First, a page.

Columbia River Treaty

Edition: May 2019

Treaty Negotiations Update

May 30, 2019

On April 10, 2019 Katrine Conroy, British Columbia’s Minister Responsible for the Columbia River Treaty welcomed the negotiating teams representing Canada and the United States to Victoria, B.C., for the latest round of negotiation meetings. The two-day session, which wrapped up on April 11, marked the first time that negotiators have met in British Columbia’s capital city since discussions about modernizing the Treaty began in May 2018.

Over the past year, negotiators have held six sets of meetings, in a variety of Canadian and U.S. locations – in Nelson, B.C., Portland, Oregon, Vancouver, B.C., twice in Washington, D.C., and now in Victoria, B.C.

During the first day of meetings in Victoria, negotiators continued working to find common ground on flood risk management and hydro power co-ordination. To support the progress of these discussions, the teams decided to conduct collaborative technical work on these topics between negotiating rounds.

On the second day of meetings, the Canadian team led a discussion on other benefits to the U.S. that are not considered in the current Treaty, such as navigation, recreation, irrigation and fisheries. The Canadian team believes that these benefits should be considered in a modernized Treaty.

The Canadian team also raised the topic of adaptive management, a process to ensure the Treaty can adapt to changing societal and Indigenous values, new science and technology, and climate change.

Although the Columbia River Treaty was originally created to reduce flood risk and enhance power generation on the Columbia River, the current discussions are looking at how the Treaty can be modernized to reflect the present and future needs of Canada and the United States.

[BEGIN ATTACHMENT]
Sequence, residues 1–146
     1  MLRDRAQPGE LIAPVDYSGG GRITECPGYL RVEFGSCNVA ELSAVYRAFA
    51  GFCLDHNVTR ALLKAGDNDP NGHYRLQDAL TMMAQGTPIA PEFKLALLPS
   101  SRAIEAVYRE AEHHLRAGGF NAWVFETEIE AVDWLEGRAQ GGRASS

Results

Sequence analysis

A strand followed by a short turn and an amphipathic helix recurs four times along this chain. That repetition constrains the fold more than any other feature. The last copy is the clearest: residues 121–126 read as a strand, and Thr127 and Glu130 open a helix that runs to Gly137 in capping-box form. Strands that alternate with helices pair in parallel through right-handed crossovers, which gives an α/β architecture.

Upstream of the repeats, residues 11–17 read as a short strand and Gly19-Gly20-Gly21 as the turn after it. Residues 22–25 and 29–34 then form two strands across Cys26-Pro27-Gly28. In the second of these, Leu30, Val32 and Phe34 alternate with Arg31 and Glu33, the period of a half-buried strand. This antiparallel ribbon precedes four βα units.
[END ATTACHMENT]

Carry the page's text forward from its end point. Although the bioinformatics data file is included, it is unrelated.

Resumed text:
Columbia Basin Indigenous Nations continue to play a key role in the negotiating process, meeting with Canada and B.C. regularly since early 2018 to develop and refine negotiating positions and options.  They have also been working with Canada and B.C. to define their role during negotiations. On April 26, the federal government announced that representatives from the Ktunaxa, Sylix/Okanagan and Secwepemc Nations will be official observers at the Canada-U.S. negotiations. Read more on this in the next story.

The Canadian negotiating positions represent the perspectives of those who live and work in the Columbia Basin. Canada and B.C. continue to connect with Basin citizens, local governments, technical experts and non-government organizations, to ensure the needs of the Basin are reflected in Canada’s negotiating positions.

Negotiations are scheduled to resume in Washington, D.C., on June 19 and 20, 2019.

Updates on negotiations are posted on the Province of B.C. Columbia River Treaty website:


The B.C. Public Service acknowledges the territories of First Nations around B.C. and is grateful to carry out our work on these lands. We acknowledge the rights, interests, priorities, and concerns of all Indigenous Peoples - First Nations, Métis, and Inuit - respecting and acknowledging their distinct cultures, histories, rights, laws, and governments.

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